This can also be applied during cornering. In a left turn the right goes down & the left comes up. If this is excessive it can lead to traction rolling.
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Old 05-30-2014, 04:57 PM   #14599
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Awesome explanations guys. I ask about measuring tools since we have droop screws, I think when using these screws to adjust it's important to make sure it's accurate left to right. Otherwise the chassis will have a bit of "tweak" and that's why I wonder if anyone is using a tool to measure the droop.
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Old 05-30-2014, 04:59 PM   #14600
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Still curious about setup boards too, I've found it hard to get a setting of front toe, camber and all that can be hard to do even with setup wheels. I like setup wheels because I can roll the car and see how straight it is and it's a little more "real world" but setting toe in with setup wheels is difficult.
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Old 05-30-2014, 06:08 PM   #14601
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Originally Posted by 13Maschine View Post
Still curious about setup boards too, I've found it hard to get a setting of front toe, camber and all that can be hard to do even with setup wheels. I like setup wheels because I can roll the car and see how straight it is and it's a little more "real world" but setting toe in with setup wheels is difficult.
Hideeho
There are 3 ways I know to set your toe without a setup station.

1. By eye, which has obvious draw backs.
2. Hold your car vertically, nose down, & measure the negative camber. This will be your toe out. My problem with this is it is not repeatable because you are holding the car it will be at a slightly different angle every time. Also because you are holding the car the amount of weight being supported by your hand will affect how much droop you have & therefore (assuming you have some bump steer, which you will have) the toe.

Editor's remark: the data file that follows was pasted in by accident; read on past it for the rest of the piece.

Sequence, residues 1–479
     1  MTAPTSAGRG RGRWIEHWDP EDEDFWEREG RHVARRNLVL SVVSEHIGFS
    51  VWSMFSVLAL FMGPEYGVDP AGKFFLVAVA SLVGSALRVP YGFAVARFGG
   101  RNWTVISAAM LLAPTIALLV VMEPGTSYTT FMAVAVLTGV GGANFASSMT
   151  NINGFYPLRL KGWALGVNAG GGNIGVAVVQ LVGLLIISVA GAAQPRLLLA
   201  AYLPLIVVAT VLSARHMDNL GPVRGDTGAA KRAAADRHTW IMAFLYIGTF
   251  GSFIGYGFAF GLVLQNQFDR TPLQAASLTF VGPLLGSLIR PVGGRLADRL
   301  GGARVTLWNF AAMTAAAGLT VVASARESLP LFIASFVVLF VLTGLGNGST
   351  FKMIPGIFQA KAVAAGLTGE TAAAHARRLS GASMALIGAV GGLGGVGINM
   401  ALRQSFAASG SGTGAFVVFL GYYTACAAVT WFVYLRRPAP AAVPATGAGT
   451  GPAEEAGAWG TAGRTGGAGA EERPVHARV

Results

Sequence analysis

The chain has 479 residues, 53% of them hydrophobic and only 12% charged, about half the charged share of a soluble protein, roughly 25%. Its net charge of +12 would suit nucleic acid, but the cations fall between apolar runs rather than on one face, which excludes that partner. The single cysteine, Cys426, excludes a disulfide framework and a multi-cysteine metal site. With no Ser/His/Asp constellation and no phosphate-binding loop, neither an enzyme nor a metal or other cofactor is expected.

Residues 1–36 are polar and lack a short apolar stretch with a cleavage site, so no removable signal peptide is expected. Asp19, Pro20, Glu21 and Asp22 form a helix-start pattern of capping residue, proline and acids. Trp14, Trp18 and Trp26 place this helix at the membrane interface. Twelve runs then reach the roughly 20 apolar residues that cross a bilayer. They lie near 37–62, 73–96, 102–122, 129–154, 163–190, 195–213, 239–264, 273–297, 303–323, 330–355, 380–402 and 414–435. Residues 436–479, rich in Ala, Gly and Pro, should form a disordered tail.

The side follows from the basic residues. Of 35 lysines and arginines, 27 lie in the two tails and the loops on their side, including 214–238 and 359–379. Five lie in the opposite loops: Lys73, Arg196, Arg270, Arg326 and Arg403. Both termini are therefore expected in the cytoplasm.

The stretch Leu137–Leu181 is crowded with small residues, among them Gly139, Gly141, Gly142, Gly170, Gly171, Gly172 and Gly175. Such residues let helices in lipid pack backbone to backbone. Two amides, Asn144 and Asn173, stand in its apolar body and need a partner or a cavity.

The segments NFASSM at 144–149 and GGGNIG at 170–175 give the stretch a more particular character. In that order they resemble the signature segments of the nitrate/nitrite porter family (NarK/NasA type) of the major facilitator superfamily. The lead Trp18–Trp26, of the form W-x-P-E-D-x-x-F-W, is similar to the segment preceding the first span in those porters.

3. Roll the car till it just touches a wall or some other object that is relatively perpendicular to the surface the car is resting on. Turn a camber gauge sideways & rest it on the wall. Measure the positive camber in relation to the wall. This will be your negative toe. This guarantees the car is at its nominal ride height with out outside interference, so it is repeatable. This is the method I use.
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Old 05-30-2014, 07:25 PM   #14602
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What do you use to measure droop on your rides? Do you also use a setup system like the Hudy or Integy? Setup board?
I use droop blocks and a ruler/ride height gauge for measuring droop, measuring at the axle.
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Old 05-30-2014, 09:18 PM   #14603
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You need to remove the rubber bump stop to use the older shocks with the V2 tower and v2 flat arms. The rubber stop is around 2mm long. Thus the difference in shock bodies is 2mm so you don't really gain or lose anything. But having a longer shock shaft you need to adjust front droop accordingly with the screws, or you can use a 2mm plastic spacer inside
Little confused on this. The rubber stopper is designed to limit up travel not down travel right? The new v2 shocks are 3mm shorter, so the only way to properly limit them on the new v2 arms are with internal spacers inside the shock body, or using the front bulk head droop tabs which will limit the down travel of the shock by default.
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Old 05-30-2014, 09:29 PM   #14604